Lee Nguyen Tran Kim Song Shimazaki

January 6, 2013
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(This article was originally published at Statistical Modeling, Causal Inference, and Social Science, and syndicated at StatsBlogs.)

Andrew Lee writes:

I am a recent M.A. graduate in sociology. I am primarily qualitative in method but have been moving in a more mixed-methods direction ever since I discovered sports analytics (Moneyball, Football Outsiders, Wages of Wins, etc.).

For my thesis I studied Korean-Americans in education in the health professions through a comparison of Asian ethnic representation in Los Angeles-area medical and dental schools.

I did this by counting up different Asian ethnic groups at UC Irvine, USC and Loma Linda University’s medical/dental schools using surnames as an identifier (I coded for ethnicity using an algorithm from the North American Association of Central Cancer Registries which correlated surnames with ethnicity: http://www.naaccr.org/Research/DataAnalysisTools.aspx). The coding was mostly easy, since “Nguyen” and “Tran” is always Vietnamese, “Kim” and “Song” is Korean, “Shimazaki” is Japanese, etc.

Now, the first time around I found that Chinese-Americans and Vietnamese-Americans were proportionally the most numerous Asian ethnics at the medical/dental schools of UC Irvine and USC (each about 10% of graduating classes), while Korean-Americans were a distant third (3-5%). At Loma Linda University, however, Korean-Americans were about 30% of dental school graduating classes every year and 20% of medical school graduates. Chinese- and Vietnamese-Americans, meanwhile, were in the low single digits at Loma Linda (Japanese never exceed 2% at any school, strangely enough).

These results were surprising because I had expected all three schools’ Asian ethnic representation to mirror that of the region’s demographics; I thought I had made a mistake so I decided to try recoding. What I did was that I decided that I might be subconsciously over-counting Korean-Americans by coding all instances of the “Lee” surname as Korean rather than Chinese. So I decided that unless there were “ethnic” first names which could be used to identify an individual as a particular ethnicity, I would label all ambiguous cases as simply Chinese.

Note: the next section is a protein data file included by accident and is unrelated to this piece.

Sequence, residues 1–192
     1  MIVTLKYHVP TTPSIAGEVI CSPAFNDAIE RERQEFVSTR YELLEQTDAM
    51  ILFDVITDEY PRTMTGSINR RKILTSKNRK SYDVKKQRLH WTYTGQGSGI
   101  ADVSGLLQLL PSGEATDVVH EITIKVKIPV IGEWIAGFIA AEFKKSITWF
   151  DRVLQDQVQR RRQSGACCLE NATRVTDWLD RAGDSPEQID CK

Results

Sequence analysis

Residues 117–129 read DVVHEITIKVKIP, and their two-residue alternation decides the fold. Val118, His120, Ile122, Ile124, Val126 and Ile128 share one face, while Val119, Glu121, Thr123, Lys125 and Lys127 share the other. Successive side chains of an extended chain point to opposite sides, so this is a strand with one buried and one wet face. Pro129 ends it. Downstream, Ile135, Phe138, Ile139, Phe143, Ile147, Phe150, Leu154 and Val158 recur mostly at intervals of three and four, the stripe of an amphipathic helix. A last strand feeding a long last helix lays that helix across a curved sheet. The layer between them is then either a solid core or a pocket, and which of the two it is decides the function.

So for example, a “Steve Lee” or “Jonathan Lee” would always be labeled as Chinese. I would only label a person with a “Lee” last name as Korean if their ethnic Korean given name was included as a marker (Korean and Chinese given names are quite distinct).

After the recoding, my results were almost the same, except that the percentage of Chinese at Loma Linda University’s medical school went up to almost 10%, and the proportions of Koreans at Loma Linda University went down to 25% in the dental school and 15% in the medical school.

Sorry for the long, boring paragraphs above on coding, but I just wanted to know if my methodology seems “rigorous” enough and if you would see these results as valid?

I want to make sure about these results, because they were the stepping ground off which I undertook a qualitative study of Asian-American medical/dental students at Loma Linda University to find why the demographics at Loma Linda were so different. I found that Loma Linda University being a Seventh-Day Adventist university was the key deciding factor; the fact that Loma Linda University is a religious university encouraged self-selection among applicants as well as potential applicants to its medical/dental programs. Many non-Adventist potential applicants to Loma Linda’s programs decided against applying because they were turned off by the university’s overtly religious self-presentation; Korean-Americans are a highly Christian ethnic group, on the other hand, and so are well-represented within Adventism. The fact that Korean immigrants to America are also usually at least middle class and college-educated/professionally-trained means that they had advantages in academic achievement. So middle-class Korean-American Adventists are overwhelmingly choosing the medical/dental route as a way of ensuring financial stability, raising their family’s social status, and also signaling religious commitment (Adventism places a heavy emphasis on physical health in its religious doctrine, so the health professions enjoy an extra level of prestige).

My reply: Interesting. It reminds me of this article by Ron Unz. I think there must be an academic literature on ethnic coding of names. If you really want to learn some statistics you can fit a model in which the ethnic status of each person is a discrete latent variable, and then estimate using the EM algorithm. But to start I think it makes sense to do what you’re doing, trying out various extreme assumptions to bound your answer.



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